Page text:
The places we loved are gone now but we can build arc reactors for love and hadron colliders for peace. It all happens in a new place which is also an old place, a primordial culture again…Mothers covering children covering mothers. The air burns strangely all the time…Nothing was left for us here. We had to build our palace into everything atop the remains of the old world that said no to us.[10]

Perera invokes the condition of our supposed postcolonial world, or perhaps migration to another, more hospitable place for subaltern peoples. She envisions a world where love and peace are central, ancestors are revered, mothering is a verb, and revolution is necessary to abolish the old order and ways of life. Moreover, Perera’s adorned gas masks force us to reckon with our climate crisis, its disproportionate impact on the Global South, and its ongoing catastrophic effects on already vulnerable bodies. As she writes, “the air burns strangely all the time,”[11] her masks become essential armor, indicating the environment may be poisonous, rife with particles and remnants of old, toxic structures. “A Primordial Culture” casts Perera on a lush new planet, prepared and protected by both her weighted garments and a deep-rooted historical, ancestral knowledge from both Indigenous and migrant peoples.

These three distinctive projects center the use of fashion as armor, exemplifying an imaginative capacity that serves multiple functions. Given the contemporary global social and political climates of misogyny, racism, and xenophobia, the creative modes of engagement through garments—as critique, as practical, and DIY—demonstrate the impact of fashion beyond just aesthetic form and function. Fashion as armor must be considered as conscious, as political critique, and as having revolutionary potential.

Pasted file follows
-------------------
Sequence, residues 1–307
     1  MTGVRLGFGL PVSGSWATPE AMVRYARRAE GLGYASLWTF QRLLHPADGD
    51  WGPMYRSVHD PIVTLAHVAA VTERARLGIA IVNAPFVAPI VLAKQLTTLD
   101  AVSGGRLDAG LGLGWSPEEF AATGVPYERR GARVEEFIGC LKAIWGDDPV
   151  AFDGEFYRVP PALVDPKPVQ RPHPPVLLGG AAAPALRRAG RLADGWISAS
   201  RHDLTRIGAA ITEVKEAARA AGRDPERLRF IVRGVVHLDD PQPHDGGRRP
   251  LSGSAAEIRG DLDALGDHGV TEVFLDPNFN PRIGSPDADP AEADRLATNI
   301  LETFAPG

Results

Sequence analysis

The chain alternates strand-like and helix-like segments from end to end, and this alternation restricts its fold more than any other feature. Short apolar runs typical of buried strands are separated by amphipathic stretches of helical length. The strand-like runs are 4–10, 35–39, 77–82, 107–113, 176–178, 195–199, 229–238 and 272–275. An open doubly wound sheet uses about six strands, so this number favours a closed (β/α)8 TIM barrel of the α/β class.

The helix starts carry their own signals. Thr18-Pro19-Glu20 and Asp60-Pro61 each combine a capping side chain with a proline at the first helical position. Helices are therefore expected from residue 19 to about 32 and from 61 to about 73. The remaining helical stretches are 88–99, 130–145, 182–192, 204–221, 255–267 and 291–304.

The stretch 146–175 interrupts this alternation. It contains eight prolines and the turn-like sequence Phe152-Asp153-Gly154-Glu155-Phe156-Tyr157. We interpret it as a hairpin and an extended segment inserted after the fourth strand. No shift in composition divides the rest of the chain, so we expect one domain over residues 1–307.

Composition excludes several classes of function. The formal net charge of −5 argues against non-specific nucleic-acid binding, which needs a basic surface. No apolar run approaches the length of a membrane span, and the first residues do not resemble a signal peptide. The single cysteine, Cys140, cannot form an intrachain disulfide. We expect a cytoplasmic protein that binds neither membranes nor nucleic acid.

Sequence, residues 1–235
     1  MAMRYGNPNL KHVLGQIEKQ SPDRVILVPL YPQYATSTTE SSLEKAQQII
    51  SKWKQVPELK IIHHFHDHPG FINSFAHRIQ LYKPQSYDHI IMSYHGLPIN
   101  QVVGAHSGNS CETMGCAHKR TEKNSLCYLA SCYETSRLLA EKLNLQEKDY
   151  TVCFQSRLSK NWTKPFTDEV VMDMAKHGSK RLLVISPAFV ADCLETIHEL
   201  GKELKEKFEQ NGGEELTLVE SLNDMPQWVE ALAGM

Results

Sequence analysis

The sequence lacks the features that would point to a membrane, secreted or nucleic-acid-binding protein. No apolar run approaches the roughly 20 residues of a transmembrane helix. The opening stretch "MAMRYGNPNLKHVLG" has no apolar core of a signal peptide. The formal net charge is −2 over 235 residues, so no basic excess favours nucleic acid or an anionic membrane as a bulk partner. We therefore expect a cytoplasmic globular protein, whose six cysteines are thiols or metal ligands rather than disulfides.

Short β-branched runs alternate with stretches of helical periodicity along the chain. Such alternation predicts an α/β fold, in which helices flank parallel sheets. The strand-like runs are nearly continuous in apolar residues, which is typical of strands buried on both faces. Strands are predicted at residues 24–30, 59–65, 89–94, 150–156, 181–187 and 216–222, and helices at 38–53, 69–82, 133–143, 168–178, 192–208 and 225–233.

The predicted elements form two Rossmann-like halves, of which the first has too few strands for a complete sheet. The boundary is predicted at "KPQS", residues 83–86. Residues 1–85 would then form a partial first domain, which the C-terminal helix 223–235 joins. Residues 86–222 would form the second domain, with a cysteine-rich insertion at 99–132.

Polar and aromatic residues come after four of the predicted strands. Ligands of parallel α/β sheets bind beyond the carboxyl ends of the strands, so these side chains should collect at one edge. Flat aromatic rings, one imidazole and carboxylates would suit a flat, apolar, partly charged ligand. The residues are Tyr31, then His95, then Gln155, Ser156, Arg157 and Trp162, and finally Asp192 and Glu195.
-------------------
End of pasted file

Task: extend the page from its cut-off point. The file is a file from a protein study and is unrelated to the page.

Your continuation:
Black and white photo of 11 showgirls on stage

 Rajni Perera, “A Primordial Culture,” photographed by Kareem Omii Thompson, styled by Tala Berkes with clothes by Nep Sidhu, 2020, Art Gallery of Ontario Insider, https://ago.ca/agoinsider/primordial-culture.

Black and white photo of 11 showgirls on stage

 Rajni Perera, “A Primordial Culture,” photographed by Kareem Omii Thompson, styled by Tala Berkes with clothes by Nep Sidhu, 2020, Art Gallery of Ontario Insider, https://ago.ca/agoinsider/primordial-culture.

References

[1] Sarah Spellings, “Cloth Masks to Shop Now,” Vogue, September 25, 2020, https://www.vogue.com/slideshow/stylish-face-masks-to-shop-now.

[2] Naiza Khan, “Heavenly Ornaments,” 2006. From the exhibition The Skin She Wears, 2008. 

[3] Ashraf Ali Thanawi, Bahishti Zewar, original publication date unknown, translated from Urdu to English, 1980, https://archive.org/details/BahishtiZewar_201307/page/n9/mode/2up.

[4] Ibid., 631-632.

[5] micha cárdenas, Patrisse Cullors, Edxie Betts and Chris Head, “UNSTOPPABLE: Improvised armor inspired by #BLM,” 2015, https://michacardenas.sites.ucsc.edu/unstoppable/.

[6] Ibid.

[7] Ibid.

[8] Rajni Perera, “A Primordial Culture,” AGO Insider, July 8, 2020, https://ago.ca/agoinsider/primordial-culture.

[9] Balbir K. Singh, “’No Pigs in Paradise’: Speculative Materialism in the Spirit of Black Constellation,” Rhizomes: Cultural Studies in Emerging Knowledge, 36, 2020, http://www.rhizomes.net/issue36/singh/index.html

[10] Rajni Perera, “A Primordial Culture.”

[11] Ibid.